Woman charged with hate crime in subway push
by Andrew Pavia
Jan 03, 2013 | 1246 views | 0 0 comments | 19 19 recommendations | email to a friend | print
Less than a month after a Queens man was thrown to his death on subway tracks in Manhattan, a man was pushed onto the tracks of the 7 train at the 40th Street-Lowery Street subway station.

On Thursday December 27, at around 8 p.m., police say 31-year-old Erika Menendez shoved 46-year-old Sunando Sen from the platform onto the tracks as a Flushing-bound 7 train was approaching the Sunnyside station.

Menendez was arrested around 5 a.m. near the intersection of Bedford Avenue and Empire Boulevard in Crown Heights, after an observant tipster noticed the winter jacket from the video of the suspect released by police following the incident.

She was asking for directions to the subway.

Menendez was taken to the 112th Precinct in Forest Hills for questioning. There, police say, she confessed to the crime and said that she pushed Sen because she hates Muslims and Hindus. Several witnesses who saw the Bronx woman mumbling to herself on the platform just before she pushed Sen, identified her as the assailant in a police line-up.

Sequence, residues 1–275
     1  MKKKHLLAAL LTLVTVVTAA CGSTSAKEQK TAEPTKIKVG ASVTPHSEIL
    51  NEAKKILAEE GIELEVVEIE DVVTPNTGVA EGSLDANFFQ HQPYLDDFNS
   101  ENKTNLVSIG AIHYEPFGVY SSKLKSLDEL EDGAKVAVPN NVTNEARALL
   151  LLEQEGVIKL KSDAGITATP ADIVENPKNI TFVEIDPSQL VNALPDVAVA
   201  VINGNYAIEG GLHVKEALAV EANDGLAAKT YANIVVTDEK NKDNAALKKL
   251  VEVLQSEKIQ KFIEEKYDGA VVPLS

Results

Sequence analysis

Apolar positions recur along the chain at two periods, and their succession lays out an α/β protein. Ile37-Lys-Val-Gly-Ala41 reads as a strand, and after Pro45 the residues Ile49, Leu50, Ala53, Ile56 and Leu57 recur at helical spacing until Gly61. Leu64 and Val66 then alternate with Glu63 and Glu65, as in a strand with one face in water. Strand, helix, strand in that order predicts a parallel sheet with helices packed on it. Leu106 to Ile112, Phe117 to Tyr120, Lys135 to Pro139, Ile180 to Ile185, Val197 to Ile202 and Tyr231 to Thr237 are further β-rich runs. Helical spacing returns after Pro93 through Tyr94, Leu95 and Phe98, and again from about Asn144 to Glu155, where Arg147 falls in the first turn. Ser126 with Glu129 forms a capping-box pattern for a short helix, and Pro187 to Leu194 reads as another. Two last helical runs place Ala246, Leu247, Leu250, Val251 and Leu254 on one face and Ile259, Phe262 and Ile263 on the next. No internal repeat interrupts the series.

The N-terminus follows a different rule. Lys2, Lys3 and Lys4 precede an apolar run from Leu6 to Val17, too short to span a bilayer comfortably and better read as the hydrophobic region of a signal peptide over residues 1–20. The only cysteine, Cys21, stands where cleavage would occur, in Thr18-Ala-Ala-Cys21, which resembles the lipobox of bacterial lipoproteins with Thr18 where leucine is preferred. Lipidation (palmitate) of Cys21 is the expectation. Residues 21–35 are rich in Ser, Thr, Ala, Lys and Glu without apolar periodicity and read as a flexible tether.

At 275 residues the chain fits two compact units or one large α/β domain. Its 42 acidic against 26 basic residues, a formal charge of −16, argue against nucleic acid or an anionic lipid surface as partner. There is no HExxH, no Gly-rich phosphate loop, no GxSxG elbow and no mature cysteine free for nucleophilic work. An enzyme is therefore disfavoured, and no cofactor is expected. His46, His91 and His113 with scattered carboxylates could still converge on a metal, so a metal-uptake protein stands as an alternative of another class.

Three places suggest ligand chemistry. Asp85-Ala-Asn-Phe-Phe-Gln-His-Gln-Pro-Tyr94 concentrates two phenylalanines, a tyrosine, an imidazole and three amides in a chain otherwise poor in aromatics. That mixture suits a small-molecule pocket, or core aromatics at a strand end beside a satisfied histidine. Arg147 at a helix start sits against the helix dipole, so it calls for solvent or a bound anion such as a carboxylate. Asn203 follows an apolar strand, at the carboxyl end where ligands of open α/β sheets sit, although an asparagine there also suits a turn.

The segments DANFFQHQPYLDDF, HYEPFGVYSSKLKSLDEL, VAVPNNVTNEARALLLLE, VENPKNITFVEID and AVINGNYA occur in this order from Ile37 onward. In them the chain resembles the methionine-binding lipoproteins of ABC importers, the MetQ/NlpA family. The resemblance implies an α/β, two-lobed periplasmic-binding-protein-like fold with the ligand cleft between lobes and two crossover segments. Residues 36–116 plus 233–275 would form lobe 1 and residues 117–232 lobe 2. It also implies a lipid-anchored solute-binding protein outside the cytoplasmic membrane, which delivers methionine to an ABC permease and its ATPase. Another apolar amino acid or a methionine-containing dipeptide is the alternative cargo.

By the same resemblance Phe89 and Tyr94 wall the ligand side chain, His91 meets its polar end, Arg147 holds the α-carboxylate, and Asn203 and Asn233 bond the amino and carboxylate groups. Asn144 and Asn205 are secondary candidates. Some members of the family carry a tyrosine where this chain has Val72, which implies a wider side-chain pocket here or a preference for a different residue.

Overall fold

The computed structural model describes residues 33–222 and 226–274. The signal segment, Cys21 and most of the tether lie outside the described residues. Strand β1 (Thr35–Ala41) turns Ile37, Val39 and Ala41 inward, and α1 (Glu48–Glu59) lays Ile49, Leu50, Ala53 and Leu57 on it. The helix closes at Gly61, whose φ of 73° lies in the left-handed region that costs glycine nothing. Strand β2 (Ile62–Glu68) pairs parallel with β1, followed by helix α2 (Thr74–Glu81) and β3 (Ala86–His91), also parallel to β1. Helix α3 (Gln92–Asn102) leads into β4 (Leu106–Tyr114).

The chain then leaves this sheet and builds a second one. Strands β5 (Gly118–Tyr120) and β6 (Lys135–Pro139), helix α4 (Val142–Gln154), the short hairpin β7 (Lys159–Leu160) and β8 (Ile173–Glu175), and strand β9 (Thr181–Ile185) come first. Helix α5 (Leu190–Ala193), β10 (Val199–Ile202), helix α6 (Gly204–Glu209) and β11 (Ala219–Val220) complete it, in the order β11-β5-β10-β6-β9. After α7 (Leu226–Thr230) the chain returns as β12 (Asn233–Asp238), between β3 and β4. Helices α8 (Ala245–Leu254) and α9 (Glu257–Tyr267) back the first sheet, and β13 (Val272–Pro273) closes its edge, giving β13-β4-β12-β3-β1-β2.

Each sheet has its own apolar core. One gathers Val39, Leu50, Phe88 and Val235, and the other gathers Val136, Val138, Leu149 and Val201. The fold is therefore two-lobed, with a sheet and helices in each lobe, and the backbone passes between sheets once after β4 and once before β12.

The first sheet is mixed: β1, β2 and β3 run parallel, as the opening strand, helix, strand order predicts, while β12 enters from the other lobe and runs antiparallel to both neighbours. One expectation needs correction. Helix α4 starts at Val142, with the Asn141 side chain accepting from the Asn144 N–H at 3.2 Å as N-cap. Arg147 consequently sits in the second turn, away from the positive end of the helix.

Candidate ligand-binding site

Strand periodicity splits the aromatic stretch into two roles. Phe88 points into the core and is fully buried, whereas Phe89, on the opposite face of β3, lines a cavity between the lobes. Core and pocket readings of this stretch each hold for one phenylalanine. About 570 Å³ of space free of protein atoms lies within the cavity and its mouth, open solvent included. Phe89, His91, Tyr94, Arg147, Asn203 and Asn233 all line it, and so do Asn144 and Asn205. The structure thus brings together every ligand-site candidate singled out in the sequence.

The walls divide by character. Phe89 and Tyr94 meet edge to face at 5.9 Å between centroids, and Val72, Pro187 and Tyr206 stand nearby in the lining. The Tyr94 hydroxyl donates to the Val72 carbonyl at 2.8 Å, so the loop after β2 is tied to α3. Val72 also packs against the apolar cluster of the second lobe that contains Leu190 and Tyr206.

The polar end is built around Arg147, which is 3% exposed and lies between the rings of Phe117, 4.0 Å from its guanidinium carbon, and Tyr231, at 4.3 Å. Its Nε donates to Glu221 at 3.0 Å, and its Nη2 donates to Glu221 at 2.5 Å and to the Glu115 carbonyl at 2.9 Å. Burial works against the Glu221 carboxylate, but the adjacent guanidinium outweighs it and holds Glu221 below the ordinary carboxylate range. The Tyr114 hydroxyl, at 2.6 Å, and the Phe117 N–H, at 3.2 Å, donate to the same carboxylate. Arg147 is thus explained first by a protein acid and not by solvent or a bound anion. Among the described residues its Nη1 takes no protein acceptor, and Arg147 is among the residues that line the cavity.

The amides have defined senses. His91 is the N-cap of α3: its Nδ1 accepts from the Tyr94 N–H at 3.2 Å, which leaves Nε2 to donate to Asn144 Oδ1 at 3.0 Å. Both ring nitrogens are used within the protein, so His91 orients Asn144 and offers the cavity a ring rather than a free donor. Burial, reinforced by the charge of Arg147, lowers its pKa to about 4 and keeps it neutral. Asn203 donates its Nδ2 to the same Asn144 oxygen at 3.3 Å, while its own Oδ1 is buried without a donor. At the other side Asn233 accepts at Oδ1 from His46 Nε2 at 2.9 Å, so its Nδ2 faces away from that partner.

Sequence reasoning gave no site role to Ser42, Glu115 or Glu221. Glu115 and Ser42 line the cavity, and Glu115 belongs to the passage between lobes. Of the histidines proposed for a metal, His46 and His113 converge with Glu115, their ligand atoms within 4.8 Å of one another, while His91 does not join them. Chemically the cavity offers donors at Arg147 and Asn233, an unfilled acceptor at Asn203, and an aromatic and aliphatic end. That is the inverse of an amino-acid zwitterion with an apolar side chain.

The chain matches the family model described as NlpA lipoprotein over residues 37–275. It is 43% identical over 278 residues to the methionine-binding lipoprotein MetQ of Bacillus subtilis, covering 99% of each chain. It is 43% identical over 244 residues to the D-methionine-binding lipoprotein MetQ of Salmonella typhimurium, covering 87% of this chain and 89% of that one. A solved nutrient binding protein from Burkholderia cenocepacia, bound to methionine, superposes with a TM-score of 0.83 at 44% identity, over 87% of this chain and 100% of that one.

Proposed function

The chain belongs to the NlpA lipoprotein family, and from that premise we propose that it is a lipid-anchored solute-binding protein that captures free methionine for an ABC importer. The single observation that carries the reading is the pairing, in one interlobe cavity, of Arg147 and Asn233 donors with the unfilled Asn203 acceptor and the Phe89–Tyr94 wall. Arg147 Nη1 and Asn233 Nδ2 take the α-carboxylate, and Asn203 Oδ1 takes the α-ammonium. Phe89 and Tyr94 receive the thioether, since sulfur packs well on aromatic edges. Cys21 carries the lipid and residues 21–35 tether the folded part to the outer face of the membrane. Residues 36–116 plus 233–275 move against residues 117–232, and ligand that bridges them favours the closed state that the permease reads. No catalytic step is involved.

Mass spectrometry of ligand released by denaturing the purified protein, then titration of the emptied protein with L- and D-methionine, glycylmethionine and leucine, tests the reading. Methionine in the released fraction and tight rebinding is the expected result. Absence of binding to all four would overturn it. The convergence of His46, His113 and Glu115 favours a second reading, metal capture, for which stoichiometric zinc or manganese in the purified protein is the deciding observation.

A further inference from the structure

Menendez has been charged with second-degree murder as a hate crime. She will undergo a psychiatric evaluation to determine if she is mentally competent to stand trial.

On Friday morning, Councilman Peter Koo said the MTA should look into a system used in many Asian countries, where a barrier prevents the riders from accessing the tunnel.

Instead, the train stops at a specific point, and the doors of both the train and barrier open, allowing riders to access the train. modeling a new system like many Asian country have.

Koo said this will not only prevent people from falling or being pushed on to the tracks, but help alleviate the garbage situation, as well.

“This way people cannot be pushed onto the subway, and you will also keep the subway much cleaner,” wrote Koo in a letter to the MTA.

The MTA has looked into protective barriers in the past, but has said that given the lack of uniformity in the subway system it would be difficult to retrofit it to accommodate all styles of trains and stations.

Meanwhile, Councilman Jimmy Van Bramer, whose district includes the subway stop where the attack occurred, called on the MTA to create deterrents.

“It does strike me in a post-September 11th world that there aren’t cameras installed in our subway stations,” he said.

He also said Koo's idea was worth looking into. “It seems to me that the MTA needs to look into a system that Councilman Koo is proposing, and then also we all should ask why are there not cameras at subway stops,” Van Bramer said.

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